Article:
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My Flag, My Anthem

Posted on Tuesday, November 07 at 15:52 by Subsandwich

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My Flag, My Anthem

by the late Eugene Berton, WWII Veteran

When you stand in front of your flag and listen to your anthem, what goes on before your mind's eye?

Possibly not much, because there is no immediate attachment.

You do not sense any pride, or should I say deep pride. Would you stand there with a tear in your eye and a swelling of your chest? Not likely.

There have been no events to make it so. On Remembrance Day as you stand in front of a cenotaph, what is seen in those memorials that should make you hold your breath? Not much.

Let's say, though that if you had been in another country, far away from home, and again if your life was in danger at the time and you heard your anthem, would it be different in your thoughts? I believe lots.

You would see in your mind's eye the ocean you crossed by ship or by air. You would see Canada as you remember from the maps. You would see your province, you would see your city or town or village. You would see your schools, the corner store, the old man or woman on their porch giving a little wave. You would see your parents, brothers and sisters or the entire family, and maybe a girl or boy which you really liked. You would go back to the earliest age that you could remember.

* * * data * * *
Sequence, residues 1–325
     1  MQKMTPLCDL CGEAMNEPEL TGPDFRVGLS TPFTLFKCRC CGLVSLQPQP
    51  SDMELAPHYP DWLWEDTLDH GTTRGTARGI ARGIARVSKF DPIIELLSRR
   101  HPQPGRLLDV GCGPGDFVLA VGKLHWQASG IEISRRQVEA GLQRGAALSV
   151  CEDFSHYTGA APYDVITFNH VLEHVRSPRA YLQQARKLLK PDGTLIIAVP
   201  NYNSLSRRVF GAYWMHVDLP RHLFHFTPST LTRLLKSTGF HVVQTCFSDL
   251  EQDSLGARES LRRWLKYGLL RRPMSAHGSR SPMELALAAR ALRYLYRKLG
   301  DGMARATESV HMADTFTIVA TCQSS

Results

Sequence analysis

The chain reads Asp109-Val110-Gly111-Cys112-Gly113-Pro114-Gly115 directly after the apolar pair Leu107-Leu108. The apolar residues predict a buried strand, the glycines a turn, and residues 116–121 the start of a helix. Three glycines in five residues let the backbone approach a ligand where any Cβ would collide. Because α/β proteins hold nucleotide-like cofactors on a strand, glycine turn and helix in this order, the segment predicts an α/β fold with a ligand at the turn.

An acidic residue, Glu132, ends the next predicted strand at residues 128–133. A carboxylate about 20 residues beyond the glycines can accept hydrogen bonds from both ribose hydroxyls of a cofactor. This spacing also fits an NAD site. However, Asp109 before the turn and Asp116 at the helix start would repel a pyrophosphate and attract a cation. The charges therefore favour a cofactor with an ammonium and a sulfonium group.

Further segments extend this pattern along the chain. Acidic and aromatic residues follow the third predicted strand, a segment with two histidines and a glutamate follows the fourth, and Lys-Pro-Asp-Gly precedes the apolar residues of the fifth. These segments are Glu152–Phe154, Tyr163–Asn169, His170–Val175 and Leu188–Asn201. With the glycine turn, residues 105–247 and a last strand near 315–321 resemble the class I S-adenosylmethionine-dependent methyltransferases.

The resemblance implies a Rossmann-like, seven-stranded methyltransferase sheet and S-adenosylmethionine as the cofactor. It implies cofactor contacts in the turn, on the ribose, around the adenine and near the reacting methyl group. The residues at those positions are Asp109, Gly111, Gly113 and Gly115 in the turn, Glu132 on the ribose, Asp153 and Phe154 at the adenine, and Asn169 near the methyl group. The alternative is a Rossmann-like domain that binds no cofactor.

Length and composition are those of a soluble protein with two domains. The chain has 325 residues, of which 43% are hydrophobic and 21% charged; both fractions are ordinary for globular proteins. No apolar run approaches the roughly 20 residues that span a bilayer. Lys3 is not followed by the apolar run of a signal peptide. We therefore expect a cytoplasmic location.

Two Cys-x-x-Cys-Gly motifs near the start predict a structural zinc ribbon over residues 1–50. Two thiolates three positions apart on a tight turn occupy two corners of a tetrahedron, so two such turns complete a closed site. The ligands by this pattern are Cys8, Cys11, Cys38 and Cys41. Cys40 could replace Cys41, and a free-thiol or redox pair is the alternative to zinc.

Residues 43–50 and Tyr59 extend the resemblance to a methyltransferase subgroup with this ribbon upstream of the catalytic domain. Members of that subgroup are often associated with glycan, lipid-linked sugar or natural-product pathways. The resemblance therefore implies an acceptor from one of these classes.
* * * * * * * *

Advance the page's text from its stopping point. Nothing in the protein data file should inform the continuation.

All this would flash in your mind's eye in a matter of seconds. This is what one misses and thinks about at such times when danger is prevalent, such as soldiers at war, people in danger of losing their lives or possibly close to dying.

To this day, as I stand in front of my flag and hear my anthem, I get a tear in my eye.

Also on Remembrance Day, I see all those young people who stood like me, and even the real tough ones, with that little glitter, a little sniffle.

That is why there was a certain bonding between these people even though you hardly knew them, and even though they came from different parts of the country. You stood together.

After you came back to all the things I mentioned, some of the ones we were standing with did not come back. There lies the sadness. There lies the reason for being here today. There lies my reason for talking with you. Cherish this moment in your thought the next time you hear your national anthem.

Written by the late Eugene Berton, WWII Veteran



Comments

  1. Fri Dec 08, 2006 9:03 pm
    This is beautiful - and so true. Every time I hear my national anthem, although I've never been to war, I cry. I can hardly even sing it, because I get so emotional and so filled with pride that I become overwhelmed.

    May the universe bless and keep all the brave men and women who are fighting in places like Afghanistan and Iraq...

    Signed,
    A very proud Canadian who cries when she hears the Canadian National Anthem

  2. Sat Dec 09, 2006 5:11 pm
    Which flag and anthem was it though? :P

  3. by avatar Tricks
    Sat Dec 09, 2006 5:33 pm
    R=UP